Removing faith selection cap will increase segregation, say humanists
Allowing faith schools to select their entire intake will lead to increased segregation, the British Humanist Association has claimed.
Analysis of government statistics by the BHA has revealed that schools which can choose their entire roll based on pupils’ faith are less diverse than those subject to a 50 per cent cap on the number they can admit based on religion.
But the Catholic Education Service has said the research “adds little to the debate” over the cap, which it described as a “failed policy”.
The removal of the 50 per cent cap on faith-based admissions for over-subscribed free schools is one of the key proposals in the government’s green paper on increasing selection in schools.
Theresa May has claimed the existing cap is failing in its original ambition – to make faith schools more diverse – and that it is also preventing some religions, like the Catholic church, from opening more schools as they refuse to turn away Catholic pupils on the basis of faith and so will not open schools while the cap exists.
But the BHA claims its analysis of school census data from earlier this year shows the move will increase segregation in schools.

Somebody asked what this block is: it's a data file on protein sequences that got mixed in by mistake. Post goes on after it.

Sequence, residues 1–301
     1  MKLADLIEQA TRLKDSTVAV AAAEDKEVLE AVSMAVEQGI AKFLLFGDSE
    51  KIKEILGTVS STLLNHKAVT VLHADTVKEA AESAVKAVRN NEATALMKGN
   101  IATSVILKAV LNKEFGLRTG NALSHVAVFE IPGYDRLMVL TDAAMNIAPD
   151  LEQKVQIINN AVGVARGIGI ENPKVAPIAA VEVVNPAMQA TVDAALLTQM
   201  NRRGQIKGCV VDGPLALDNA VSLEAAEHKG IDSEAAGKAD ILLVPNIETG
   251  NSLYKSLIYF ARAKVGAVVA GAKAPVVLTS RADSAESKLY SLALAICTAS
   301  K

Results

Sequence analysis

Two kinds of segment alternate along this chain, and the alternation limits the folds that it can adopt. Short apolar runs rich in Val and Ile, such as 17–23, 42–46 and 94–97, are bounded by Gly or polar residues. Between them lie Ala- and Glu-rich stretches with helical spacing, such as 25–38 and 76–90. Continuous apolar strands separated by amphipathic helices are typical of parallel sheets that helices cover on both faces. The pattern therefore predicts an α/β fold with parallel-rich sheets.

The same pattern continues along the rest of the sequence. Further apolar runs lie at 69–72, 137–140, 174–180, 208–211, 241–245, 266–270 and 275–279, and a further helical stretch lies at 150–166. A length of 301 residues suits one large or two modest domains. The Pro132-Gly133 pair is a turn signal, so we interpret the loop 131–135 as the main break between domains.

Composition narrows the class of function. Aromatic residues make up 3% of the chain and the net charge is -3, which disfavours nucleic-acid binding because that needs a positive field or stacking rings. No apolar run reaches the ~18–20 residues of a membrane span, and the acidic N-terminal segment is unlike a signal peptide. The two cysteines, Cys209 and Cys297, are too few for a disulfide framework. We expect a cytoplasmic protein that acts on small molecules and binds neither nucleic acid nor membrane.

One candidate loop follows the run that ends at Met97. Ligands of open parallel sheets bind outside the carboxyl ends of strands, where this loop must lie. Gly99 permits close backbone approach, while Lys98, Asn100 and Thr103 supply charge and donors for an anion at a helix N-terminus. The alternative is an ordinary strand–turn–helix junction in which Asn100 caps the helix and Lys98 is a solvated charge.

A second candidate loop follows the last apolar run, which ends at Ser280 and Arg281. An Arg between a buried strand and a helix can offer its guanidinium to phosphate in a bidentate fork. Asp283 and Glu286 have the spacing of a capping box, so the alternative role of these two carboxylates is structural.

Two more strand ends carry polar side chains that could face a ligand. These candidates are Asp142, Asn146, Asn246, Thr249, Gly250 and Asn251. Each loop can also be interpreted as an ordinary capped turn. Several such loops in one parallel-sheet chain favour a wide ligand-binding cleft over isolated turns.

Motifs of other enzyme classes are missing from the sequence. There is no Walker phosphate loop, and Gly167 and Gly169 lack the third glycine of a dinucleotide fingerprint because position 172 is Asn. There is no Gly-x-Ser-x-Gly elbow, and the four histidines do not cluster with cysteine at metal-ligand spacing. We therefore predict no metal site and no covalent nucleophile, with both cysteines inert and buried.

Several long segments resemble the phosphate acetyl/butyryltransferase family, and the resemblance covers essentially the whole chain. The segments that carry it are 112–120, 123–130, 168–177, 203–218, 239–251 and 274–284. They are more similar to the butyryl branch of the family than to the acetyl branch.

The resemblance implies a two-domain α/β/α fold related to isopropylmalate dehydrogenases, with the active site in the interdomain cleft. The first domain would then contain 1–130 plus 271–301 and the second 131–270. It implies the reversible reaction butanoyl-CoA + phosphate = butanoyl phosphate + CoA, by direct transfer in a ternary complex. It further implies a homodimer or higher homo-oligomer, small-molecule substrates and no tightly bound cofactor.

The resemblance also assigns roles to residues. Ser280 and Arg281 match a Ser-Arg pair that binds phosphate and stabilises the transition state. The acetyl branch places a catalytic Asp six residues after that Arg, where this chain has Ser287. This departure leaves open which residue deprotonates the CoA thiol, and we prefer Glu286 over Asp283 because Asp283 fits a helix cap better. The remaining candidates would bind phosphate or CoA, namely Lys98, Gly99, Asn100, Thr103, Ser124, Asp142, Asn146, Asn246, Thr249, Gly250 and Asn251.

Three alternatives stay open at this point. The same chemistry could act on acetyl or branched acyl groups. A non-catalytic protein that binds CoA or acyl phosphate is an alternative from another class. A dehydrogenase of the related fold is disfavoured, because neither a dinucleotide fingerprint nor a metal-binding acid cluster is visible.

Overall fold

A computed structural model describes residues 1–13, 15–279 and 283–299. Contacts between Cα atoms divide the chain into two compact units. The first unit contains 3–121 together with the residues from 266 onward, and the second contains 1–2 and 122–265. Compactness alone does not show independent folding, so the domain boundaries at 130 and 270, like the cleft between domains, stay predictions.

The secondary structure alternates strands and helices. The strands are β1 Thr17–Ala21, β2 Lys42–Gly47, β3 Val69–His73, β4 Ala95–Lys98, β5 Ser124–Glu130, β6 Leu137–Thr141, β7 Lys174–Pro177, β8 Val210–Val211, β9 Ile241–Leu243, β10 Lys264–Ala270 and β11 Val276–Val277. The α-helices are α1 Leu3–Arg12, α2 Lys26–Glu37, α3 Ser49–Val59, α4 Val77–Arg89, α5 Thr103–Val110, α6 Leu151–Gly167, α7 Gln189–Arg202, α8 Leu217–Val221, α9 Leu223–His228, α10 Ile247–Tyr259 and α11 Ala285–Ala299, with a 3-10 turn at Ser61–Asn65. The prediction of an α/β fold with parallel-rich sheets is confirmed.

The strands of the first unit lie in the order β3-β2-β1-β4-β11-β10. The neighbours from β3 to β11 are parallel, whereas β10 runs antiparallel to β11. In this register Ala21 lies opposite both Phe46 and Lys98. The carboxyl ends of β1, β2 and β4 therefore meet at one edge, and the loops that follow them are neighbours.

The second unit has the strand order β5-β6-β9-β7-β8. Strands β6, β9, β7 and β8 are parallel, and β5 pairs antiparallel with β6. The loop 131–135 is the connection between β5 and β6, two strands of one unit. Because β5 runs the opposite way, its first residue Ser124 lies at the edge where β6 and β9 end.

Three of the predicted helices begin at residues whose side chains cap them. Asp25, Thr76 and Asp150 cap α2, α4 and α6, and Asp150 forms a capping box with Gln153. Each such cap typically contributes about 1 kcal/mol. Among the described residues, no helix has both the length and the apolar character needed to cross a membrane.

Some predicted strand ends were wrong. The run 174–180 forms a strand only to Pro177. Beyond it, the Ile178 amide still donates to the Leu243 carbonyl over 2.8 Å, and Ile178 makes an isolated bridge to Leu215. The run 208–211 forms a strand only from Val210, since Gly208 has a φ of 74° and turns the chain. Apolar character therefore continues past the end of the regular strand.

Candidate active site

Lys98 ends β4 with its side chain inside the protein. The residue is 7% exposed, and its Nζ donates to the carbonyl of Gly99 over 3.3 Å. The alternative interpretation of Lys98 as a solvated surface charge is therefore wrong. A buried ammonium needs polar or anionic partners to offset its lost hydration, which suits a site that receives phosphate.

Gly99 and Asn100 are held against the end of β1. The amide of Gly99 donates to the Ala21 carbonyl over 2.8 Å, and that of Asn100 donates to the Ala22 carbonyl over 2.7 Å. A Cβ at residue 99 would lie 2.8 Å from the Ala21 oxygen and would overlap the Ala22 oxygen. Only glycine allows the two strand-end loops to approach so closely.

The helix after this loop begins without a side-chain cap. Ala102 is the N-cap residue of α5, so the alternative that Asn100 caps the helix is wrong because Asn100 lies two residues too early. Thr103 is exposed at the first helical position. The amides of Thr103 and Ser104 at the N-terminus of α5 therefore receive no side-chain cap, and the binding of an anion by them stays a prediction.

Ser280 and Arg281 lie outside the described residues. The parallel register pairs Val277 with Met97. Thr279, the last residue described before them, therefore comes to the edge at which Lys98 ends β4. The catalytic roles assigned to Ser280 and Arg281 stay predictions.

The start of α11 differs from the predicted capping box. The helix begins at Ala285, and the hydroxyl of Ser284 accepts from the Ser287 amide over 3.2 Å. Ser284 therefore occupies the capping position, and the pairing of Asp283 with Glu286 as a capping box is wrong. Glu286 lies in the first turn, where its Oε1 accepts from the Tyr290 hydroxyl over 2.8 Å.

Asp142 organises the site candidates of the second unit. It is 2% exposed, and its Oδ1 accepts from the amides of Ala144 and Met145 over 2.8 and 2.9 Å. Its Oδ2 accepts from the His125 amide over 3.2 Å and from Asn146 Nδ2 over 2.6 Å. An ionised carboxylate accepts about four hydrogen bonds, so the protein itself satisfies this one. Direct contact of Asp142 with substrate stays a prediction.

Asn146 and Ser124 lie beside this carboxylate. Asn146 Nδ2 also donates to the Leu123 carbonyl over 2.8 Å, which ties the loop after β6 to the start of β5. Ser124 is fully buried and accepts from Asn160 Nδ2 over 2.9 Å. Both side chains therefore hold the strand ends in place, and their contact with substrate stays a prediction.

It pointed to statistics showing that 63 per cent of pupils at Church of England schools bound by the 50 per cent cap were of ‘white origin’, while this figure rose to 78 per cent of Church of England secondaries that religiously select all of their places.
It said that at ‘other Christian’ free schools opened under the cap, 55 per cent of pupils were white, but in fully-religiously selective ‘other Christian’ secondary schools, 85 per cent of pupils were white.
BHA education campaigner Jay Harman (top left) said the researched proved the proposals “run entirely counter to the evidence, which clearly demonstrates that the 50 per cent cap has dramatically improved ethnic and religious integration in religious state schools”.
He said the group have written to Justine Greening to draw her attention to this evidence.
Paul Barber (top right), director of the Catholic Education Service said the research added “little to the debate around the 50 per cent admissions cap”.
“The figures fail to mention the country’s second largest provider of education, the Catholic Church, whose schools can select 100 per cent on faith and are the most ethnically diverse.
“Also the research fails to distinguish between the many different ethnicities that can exist in the ‘of white origin’ group. For example in Catholic schools you would come across tens of thousands of Polish, Eastern European, Irish, Gypsy and traveller pupils.”
The BHA has also sought to challenge a claim in the green paper that the cap has been ‘particularly ineffective’ in minority religious schools, such as those of Muslim, Jewish, Sikh and Hindu faiths.
It said that while the claim was “largely true”, the research did point to a “slight improvement” in diversity.
It said that Muslim free schools, for example, had an intake that was 80 per cent Asian, while Muslim schools that were fully selective had an 86 per cent Asian intake.